Sounding like a modest cross between U2 and early Cult, this Leeds trio isn’t exactly good (vocalist Trevor Tanner ain’t got what it takes), but it’s not dead in the water, either. The six-track Giants has some promising ideas and intriguing production qualities, but nothing else going for it.
Keyboardist Paul Clark joined the Bolshoi in time for Friends, which takes more of a glossy guitar-and- synth dance path, colored by sporadic echoes of Big Country, a crisp drum sound and Tanner’s alternately Antlike/Bonoesque overtones. While the American Friends CD incorporates the contents of Giants, the UK tape and CD add one bonus track (“A Funny Thing…”).
The quartet finally located a workably thick equilibrium between guitar and keyboards on the self-produced Lindy’s Party, ten new slices of threadbare lyrical pretension delivered in Tanner’s usual semi-tolerable voice. Less specifically derivative than the group’s previous records, Lindy’s Party should have been the Bolshoi’s debut.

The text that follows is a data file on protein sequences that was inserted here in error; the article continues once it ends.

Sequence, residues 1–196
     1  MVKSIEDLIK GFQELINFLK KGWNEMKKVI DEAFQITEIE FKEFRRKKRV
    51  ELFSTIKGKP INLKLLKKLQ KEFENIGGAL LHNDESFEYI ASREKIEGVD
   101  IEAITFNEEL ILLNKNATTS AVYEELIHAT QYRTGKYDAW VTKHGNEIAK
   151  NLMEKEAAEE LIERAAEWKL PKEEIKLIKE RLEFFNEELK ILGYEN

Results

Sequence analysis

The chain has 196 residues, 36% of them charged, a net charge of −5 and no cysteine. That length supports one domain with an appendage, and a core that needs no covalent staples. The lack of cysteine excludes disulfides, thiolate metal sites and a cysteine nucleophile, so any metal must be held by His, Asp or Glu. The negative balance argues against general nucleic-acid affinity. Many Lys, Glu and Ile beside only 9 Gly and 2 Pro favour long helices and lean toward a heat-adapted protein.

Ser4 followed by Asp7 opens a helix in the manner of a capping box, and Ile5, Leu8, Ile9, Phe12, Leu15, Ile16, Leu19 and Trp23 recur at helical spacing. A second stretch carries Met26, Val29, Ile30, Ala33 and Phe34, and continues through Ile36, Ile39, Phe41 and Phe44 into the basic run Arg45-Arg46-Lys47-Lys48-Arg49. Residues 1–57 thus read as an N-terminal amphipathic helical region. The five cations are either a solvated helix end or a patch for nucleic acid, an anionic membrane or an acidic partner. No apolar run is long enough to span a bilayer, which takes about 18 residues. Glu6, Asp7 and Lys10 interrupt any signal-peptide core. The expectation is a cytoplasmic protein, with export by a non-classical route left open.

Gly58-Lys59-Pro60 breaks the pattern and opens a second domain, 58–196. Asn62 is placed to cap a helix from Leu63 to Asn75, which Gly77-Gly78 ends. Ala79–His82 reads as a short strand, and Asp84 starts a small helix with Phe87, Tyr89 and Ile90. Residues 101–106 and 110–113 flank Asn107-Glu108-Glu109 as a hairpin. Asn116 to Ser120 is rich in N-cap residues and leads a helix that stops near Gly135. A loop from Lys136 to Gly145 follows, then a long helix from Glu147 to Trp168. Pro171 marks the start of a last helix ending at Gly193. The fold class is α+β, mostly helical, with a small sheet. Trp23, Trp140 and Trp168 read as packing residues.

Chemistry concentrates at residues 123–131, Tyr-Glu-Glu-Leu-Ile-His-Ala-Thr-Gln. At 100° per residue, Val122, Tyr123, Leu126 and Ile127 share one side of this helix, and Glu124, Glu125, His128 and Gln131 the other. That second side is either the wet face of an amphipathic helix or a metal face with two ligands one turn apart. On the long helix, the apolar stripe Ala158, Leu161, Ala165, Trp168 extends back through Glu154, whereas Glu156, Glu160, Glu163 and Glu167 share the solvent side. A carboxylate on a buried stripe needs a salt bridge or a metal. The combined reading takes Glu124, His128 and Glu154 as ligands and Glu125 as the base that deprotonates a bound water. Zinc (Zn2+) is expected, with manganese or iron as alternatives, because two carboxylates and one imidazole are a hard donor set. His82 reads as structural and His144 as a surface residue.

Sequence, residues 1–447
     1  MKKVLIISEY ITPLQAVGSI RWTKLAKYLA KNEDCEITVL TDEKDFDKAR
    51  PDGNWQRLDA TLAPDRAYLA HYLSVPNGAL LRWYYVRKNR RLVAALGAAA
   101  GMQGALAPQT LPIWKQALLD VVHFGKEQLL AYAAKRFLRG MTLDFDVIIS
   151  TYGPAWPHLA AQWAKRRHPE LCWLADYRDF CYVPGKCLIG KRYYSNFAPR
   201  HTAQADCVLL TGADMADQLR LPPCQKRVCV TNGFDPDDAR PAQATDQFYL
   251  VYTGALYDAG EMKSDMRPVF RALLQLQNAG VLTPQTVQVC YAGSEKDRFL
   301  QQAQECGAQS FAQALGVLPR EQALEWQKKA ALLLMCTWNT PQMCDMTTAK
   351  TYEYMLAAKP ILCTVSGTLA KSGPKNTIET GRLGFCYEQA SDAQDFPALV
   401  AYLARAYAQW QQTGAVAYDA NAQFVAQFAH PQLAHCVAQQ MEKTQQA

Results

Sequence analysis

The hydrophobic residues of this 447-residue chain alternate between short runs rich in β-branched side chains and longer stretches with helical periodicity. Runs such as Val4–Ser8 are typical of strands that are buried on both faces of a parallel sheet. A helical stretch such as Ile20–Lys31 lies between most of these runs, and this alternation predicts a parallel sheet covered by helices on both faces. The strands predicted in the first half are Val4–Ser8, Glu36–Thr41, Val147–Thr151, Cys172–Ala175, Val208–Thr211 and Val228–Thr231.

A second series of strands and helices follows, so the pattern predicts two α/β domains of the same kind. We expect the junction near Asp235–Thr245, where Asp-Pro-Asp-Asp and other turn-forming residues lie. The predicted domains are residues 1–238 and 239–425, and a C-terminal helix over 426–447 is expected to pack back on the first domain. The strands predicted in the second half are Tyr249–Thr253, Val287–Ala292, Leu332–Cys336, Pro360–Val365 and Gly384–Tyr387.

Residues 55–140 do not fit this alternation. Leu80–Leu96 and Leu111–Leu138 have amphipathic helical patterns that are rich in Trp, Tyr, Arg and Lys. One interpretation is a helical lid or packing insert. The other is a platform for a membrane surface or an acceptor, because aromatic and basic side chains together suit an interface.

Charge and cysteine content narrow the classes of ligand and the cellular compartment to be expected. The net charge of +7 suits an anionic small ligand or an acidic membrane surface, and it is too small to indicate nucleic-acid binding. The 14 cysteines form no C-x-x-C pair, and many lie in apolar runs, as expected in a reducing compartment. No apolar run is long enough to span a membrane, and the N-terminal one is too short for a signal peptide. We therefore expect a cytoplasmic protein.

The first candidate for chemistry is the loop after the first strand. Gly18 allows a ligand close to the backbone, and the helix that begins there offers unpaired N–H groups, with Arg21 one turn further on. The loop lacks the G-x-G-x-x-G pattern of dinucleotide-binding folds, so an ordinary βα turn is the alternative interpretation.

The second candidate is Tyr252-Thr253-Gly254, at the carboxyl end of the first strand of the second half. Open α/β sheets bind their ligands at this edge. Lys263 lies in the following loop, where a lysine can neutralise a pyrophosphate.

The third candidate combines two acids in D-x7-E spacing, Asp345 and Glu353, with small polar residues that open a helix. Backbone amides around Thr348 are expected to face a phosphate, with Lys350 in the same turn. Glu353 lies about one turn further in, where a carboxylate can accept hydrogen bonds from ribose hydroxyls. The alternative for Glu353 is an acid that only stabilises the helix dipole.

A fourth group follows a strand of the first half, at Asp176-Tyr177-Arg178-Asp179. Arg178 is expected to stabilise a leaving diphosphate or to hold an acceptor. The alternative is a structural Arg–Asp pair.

Released in 1990, Bigger Giants consists of Giants plus two 12-inch singles of the same vintage. With a weird cover of Hendrix’s “Crosstown Traffic,” a wretchedly Bowiesque rendition of Jacques Brel’s “Amsterdam” and two different versions of “Happy Boy,” this record proves conclusively that — in the Bolshoi’s case at least — bigger isn’t necessarily better.